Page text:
Last Monday night, students frantically checked their e-mail awaiting a message from the University or from professors informing them of the cancellation of their Tuesday classes due to the harsh weather conditions. But to the dismay of many Denison students, these e-mails never came.

Sophomore Max Kelly from Highland Park, Ill., said, “As much as I would have wanted to have no classes, no one has to walk too long to be in danger.”

According to the Granville Exempted Village Schools, all schools in Granville were closed “due to the frigid winter chill predicted for Tuesday, Jan. 28.” Ohio State University and Kenyon College, which are both located about 45 minutes away from Denison and experienced similar weather conditions, also closed their institutions as a result of the poor weather conditions. Ohio Wesleyan and the College of Wooster, however, did not close their classes for the day either.

Laurel Kennedy, vice president for student development, said in an e-mail that the administration did not close classes because they believed “students could safely travel the distance from their residence halls to the dining halls and to classes if they had classes that morning, [and] many students have no Tuesday morning classes.

Despite the anticipation of cold wind chills reported by local Granville schools for closing classes, Kennedy said, “although temperatures were low, there was no wind chill, and the roads were not icy.” Students who live in the Homestead, however, were provided with transportation to campus because they live so far away. Kennedy said, “we provided morning shuttles on both Tuesday and Wednesday for Homesteaders, since the distance they have to walk is more significant.”

As the week went on, however, students began experiencing lasting impacts of the harsh conditions mixed with the participation that occurred earlier in the week. Students, for example, traversing East Quad walked mainly over ice until they reached Chapel Walk. Areas of ice on the stairs were also an issue for students travelling to south quad and into town later in the week.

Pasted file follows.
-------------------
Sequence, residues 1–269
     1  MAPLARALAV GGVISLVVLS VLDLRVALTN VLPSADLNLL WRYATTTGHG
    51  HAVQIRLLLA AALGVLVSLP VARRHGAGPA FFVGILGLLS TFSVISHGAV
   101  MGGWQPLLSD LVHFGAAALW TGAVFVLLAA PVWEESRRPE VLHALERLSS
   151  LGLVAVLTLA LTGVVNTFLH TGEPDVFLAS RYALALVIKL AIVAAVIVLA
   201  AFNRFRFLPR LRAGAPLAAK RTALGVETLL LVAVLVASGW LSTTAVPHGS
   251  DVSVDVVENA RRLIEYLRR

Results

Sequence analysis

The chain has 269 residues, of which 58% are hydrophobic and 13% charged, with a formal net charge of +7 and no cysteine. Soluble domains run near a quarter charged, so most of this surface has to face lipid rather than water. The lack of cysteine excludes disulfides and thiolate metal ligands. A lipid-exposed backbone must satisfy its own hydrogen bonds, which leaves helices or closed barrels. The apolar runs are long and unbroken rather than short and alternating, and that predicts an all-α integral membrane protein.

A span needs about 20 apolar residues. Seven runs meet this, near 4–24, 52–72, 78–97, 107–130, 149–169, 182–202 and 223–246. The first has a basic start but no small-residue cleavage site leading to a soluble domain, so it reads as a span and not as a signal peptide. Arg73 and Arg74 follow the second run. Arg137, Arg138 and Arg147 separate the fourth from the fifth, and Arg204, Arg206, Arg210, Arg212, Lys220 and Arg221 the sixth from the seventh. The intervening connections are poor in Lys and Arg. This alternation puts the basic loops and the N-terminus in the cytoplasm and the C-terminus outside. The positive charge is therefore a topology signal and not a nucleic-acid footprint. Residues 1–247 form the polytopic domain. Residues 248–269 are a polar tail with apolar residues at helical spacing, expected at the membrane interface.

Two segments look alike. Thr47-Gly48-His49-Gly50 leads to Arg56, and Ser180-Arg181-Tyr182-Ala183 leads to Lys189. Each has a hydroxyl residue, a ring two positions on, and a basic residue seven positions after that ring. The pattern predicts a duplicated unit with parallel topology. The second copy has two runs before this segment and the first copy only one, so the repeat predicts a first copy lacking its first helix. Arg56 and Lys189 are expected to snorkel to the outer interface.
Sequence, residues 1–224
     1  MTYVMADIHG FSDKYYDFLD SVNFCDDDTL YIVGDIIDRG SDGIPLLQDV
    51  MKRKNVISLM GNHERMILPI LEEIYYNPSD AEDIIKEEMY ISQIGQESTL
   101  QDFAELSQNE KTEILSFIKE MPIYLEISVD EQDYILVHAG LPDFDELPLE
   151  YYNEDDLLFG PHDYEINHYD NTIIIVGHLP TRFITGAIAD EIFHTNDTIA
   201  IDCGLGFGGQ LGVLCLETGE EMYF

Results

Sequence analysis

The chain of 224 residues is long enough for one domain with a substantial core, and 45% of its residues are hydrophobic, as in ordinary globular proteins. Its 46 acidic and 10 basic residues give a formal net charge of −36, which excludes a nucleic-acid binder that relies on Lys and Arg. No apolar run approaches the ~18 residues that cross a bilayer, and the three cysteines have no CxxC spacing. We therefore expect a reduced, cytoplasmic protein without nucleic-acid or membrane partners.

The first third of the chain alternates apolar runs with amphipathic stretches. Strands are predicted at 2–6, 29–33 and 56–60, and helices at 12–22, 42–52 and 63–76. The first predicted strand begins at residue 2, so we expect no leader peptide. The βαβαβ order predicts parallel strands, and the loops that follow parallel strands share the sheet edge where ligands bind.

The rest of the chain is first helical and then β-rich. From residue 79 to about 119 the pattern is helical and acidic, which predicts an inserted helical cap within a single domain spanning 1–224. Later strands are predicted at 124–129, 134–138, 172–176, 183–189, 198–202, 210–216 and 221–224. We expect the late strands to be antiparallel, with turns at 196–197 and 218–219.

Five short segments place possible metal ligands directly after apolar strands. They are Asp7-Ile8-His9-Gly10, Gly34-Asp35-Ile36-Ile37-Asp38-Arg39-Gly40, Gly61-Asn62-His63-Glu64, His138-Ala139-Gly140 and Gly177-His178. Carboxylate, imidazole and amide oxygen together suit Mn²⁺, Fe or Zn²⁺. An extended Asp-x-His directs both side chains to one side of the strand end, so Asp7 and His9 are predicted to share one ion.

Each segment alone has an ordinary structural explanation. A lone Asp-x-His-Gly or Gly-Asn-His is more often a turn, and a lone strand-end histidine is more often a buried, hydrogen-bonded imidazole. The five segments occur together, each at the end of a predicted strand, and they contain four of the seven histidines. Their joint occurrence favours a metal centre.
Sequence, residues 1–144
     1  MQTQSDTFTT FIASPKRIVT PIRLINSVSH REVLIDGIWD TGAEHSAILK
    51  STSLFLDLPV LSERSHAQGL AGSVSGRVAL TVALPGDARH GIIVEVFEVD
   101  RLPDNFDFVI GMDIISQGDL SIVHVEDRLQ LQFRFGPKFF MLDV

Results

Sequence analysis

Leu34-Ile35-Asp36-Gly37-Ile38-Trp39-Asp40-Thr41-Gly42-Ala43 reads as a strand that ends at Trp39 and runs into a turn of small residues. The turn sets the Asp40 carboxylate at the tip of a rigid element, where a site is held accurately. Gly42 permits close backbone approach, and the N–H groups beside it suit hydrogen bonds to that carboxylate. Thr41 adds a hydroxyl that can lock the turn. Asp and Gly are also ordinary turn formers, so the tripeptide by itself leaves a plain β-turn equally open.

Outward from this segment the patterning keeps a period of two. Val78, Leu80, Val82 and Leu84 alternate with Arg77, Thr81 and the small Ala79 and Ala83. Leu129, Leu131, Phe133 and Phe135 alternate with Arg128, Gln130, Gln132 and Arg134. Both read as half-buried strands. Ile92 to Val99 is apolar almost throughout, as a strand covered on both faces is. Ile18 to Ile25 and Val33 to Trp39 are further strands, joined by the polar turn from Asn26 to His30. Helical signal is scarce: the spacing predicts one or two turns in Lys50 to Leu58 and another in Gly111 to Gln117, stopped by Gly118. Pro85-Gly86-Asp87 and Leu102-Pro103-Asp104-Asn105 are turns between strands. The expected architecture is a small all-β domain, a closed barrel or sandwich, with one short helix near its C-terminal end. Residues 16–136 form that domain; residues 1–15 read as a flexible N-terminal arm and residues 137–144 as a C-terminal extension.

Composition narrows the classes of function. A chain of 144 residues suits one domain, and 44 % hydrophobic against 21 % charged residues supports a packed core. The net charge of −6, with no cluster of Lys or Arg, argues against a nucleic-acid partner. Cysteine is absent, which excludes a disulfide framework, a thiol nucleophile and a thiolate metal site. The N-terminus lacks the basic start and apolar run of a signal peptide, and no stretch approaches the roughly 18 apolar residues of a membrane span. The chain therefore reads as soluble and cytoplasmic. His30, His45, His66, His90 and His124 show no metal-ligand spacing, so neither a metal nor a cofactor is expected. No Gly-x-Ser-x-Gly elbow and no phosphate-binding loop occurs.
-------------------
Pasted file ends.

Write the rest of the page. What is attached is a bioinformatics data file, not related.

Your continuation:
Sophomore Phillip Knox from Champagne, Ill., for example, slipped on ice and badly sprained his ankle on Friday Jan. 31 while travelling to the Mulberry House in Sorority Circle. He said, “being on crutches in this weather is a nightmare.”He continued, “I have fallen and re-injured my already severely sprained ankle twice now as a result of slipping on the ice, and I was just getting something to eat in Huffman.”

But even though the ice conditions were bad on campus, especially at the end of the week, he said, “this is by no means Huffman, security or the administration’s fault, but I believe that someone should know the protocol in a situation like this.

Taking note of the weather issues Granville and surrounding areas have seen in the past couple weeks, Kennedy said, “we’ll look at this going forward, since weather volatility seems to be becoming the ‘new normal.’”